Carbon nanotubes can be dissolved in chlorosulfonic acid for easy processing
US researchers have found new ways of dissolving carbon nanotubes without chemically modifying them. The solutions can then be easily processed into a variety of fibres and films, which combine the unique strength and conductive properties of the nanotubes and could speed up the large-scale application of nanotube-based materials.
Matteo Pasquali and colleagues from Rice University in Texas, US, used chlorosulfonic acid to dissolve single-walled carbon nanotubes (SWNTs). The tubes dissolve spontaneously, forming true solutions at low concentrations and liquid crystals at higher concentrations, but Pasquali explains that because the tubes are actually dissolved, they can be processed using standard techniques that are impossible with more usual suspensions of the tubes.
’It’s 18 years since the discovery of nanotubes,’ says Pasquali, ’and there was a lot of early excitement about their engineering applications, but that requires you to be able to process them into objects or materials on large scale.’ He adds that this ease of processing is one reason why polymers have become so widely used, but nanotube materials were held back by the fact that they don’t dissolve in any normal solvents.
Ian Kinloch from the University of Manchester, UK, explains that nanotubes, especially SWNTs are particularly difficult to dissolve because they tend to stick together in bundles. ’The normal tricks to try to dissolve them are to use surfactants or chemically modify the surface,’ he says, ’but this can affect the properties of the final material.’ He explains that using superacids to dissolve the nanotubes protonates them, making them positively charged. This makes the tubes repel each other and breaks up the bundles.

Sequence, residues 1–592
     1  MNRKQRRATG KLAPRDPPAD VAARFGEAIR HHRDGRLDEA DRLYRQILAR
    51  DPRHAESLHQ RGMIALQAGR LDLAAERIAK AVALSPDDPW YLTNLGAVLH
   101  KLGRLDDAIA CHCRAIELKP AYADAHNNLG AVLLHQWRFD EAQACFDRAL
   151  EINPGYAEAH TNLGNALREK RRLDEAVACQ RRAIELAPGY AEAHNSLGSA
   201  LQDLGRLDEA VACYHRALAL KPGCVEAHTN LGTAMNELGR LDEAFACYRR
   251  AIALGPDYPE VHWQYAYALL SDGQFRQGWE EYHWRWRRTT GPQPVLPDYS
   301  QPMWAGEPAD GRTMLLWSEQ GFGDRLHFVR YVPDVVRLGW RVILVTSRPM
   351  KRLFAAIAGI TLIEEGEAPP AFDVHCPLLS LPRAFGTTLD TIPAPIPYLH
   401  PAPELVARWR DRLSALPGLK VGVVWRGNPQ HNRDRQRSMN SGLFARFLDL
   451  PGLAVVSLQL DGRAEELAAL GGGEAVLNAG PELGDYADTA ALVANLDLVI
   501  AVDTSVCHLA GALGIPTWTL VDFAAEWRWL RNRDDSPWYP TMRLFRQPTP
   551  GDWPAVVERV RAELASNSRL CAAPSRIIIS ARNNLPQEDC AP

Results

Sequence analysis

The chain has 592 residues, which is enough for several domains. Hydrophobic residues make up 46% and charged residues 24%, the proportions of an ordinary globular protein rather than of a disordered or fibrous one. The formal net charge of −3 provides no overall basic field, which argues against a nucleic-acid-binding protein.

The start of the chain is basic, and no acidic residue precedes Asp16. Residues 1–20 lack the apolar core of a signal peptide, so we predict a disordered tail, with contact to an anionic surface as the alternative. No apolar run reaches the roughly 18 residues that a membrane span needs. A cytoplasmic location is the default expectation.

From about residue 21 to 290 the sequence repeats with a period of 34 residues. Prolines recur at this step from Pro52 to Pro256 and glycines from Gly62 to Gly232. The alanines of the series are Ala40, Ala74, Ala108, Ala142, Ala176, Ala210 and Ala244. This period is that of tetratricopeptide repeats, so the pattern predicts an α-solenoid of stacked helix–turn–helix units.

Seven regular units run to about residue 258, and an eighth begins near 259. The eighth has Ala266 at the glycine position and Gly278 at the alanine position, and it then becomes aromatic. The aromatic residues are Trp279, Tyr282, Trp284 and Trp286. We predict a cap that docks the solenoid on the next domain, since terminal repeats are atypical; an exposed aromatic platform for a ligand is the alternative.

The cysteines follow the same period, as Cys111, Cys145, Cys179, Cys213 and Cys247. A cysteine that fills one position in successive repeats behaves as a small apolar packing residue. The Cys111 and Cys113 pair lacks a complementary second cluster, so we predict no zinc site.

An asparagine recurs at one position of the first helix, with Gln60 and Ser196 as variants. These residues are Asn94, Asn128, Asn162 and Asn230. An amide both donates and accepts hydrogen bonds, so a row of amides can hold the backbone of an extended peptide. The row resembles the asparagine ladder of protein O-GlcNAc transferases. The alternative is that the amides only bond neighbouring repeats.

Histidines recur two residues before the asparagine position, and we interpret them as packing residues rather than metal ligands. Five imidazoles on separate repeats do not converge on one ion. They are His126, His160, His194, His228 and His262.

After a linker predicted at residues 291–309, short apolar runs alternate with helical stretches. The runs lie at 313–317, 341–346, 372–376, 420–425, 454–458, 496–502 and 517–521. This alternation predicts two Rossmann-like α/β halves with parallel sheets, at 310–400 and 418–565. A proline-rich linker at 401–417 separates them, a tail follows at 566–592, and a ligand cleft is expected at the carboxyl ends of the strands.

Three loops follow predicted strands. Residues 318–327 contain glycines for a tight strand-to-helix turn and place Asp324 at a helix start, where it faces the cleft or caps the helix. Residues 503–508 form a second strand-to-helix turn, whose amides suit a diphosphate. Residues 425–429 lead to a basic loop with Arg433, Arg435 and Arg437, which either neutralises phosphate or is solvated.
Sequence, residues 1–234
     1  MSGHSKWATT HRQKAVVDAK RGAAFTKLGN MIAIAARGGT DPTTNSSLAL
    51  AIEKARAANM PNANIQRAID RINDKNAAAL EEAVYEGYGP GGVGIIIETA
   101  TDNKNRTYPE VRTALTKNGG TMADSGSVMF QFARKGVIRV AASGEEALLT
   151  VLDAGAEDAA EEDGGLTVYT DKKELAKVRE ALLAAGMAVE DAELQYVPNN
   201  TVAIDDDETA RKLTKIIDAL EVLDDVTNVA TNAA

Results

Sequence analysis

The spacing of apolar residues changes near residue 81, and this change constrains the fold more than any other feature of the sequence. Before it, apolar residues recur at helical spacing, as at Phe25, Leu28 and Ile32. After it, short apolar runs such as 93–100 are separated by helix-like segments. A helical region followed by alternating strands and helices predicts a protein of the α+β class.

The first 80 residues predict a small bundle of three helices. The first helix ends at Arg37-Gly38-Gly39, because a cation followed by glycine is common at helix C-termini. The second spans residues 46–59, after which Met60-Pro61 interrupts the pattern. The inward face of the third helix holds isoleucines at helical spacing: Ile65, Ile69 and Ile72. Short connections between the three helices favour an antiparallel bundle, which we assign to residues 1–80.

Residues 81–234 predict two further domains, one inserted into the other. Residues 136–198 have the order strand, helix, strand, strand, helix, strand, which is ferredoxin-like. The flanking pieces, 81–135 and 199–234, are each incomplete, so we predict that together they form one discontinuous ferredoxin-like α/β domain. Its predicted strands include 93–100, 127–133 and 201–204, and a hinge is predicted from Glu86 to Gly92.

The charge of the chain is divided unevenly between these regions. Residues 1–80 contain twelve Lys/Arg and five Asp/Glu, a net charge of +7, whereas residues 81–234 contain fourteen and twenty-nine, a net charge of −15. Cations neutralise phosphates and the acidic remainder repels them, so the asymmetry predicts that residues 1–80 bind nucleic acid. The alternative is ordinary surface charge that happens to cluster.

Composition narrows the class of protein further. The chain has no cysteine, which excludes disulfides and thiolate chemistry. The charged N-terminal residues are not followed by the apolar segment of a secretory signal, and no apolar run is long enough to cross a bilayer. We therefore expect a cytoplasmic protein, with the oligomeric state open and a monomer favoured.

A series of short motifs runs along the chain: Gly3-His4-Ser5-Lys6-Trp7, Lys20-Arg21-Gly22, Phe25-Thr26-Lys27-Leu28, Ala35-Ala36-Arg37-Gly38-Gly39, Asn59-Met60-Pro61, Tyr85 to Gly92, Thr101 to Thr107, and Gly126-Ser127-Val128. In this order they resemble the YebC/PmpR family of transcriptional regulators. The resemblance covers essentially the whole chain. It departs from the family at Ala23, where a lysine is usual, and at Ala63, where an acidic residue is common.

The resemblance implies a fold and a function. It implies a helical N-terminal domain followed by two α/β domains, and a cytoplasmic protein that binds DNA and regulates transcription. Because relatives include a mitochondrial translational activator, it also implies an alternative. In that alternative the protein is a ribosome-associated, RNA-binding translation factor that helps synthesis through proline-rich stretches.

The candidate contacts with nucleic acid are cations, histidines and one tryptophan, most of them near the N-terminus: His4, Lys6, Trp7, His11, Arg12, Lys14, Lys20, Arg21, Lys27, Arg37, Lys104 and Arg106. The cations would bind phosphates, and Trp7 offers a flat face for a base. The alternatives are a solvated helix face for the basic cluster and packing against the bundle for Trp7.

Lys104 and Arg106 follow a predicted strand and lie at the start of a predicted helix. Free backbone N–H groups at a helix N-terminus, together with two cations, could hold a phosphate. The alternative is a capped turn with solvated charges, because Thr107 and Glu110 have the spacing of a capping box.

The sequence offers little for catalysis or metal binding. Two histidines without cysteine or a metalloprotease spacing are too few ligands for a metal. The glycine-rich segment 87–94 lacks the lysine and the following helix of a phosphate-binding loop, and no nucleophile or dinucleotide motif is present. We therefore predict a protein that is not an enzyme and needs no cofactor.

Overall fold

’With chlorosulfonic acid, the dissolution is immediate and spontaneous - we don’t have to sonicate the mixture, we can just mix it very gently,’ says Matteo. This means the tubes are less likely to be damaged and hence the properties of the final materials should be improved, although he adds that more work is needed to grow longer tubes in combination with the processing techniques to really make useful materials.
Kinloch points out that Matteo’s group has done a significant amount of work to fully understand the physical chemistry of their system, and that that pays off when it comes to processing. ’Another advantage,’ he adds, ’is that they’ve taken inspiration from a technique that’s already industrialised for polymers like Kevlar using these kinds of acids, so its easy to see how the technology could be developed.’
Making fibres from nanotubes, rather than other forms of carbon, says Pasquali, could lead to more functional composite materials in which the strength and electronic properties of the nanotubes can both be exploited. ’One example would be aircraft fuselages, where aluminium is being replaced by composites.’ Aeroplanes need to have conducting surfaces to survive lightning strikes, but many composites are not sufficiently conductive, so they have to be coated or painted with conducting materials. ’Using nanotubes could give enough conductivity to use a single material without needing the coating.’
V A Davis et al, Nature Nano., 2009, DOI:10.1038/nnano.2009.302